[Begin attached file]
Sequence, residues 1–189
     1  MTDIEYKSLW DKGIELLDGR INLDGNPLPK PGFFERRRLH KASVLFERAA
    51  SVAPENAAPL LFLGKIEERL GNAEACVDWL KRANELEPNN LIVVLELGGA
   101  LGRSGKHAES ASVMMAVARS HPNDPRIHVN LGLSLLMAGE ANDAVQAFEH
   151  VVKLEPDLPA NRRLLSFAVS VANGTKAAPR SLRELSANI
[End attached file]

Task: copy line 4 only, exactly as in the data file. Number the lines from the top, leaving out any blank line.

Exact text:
   101  LGRSGKHAES ASVMMAVARS HPNDPRIHVN LGLSLLMAGE ANDAVQAFEH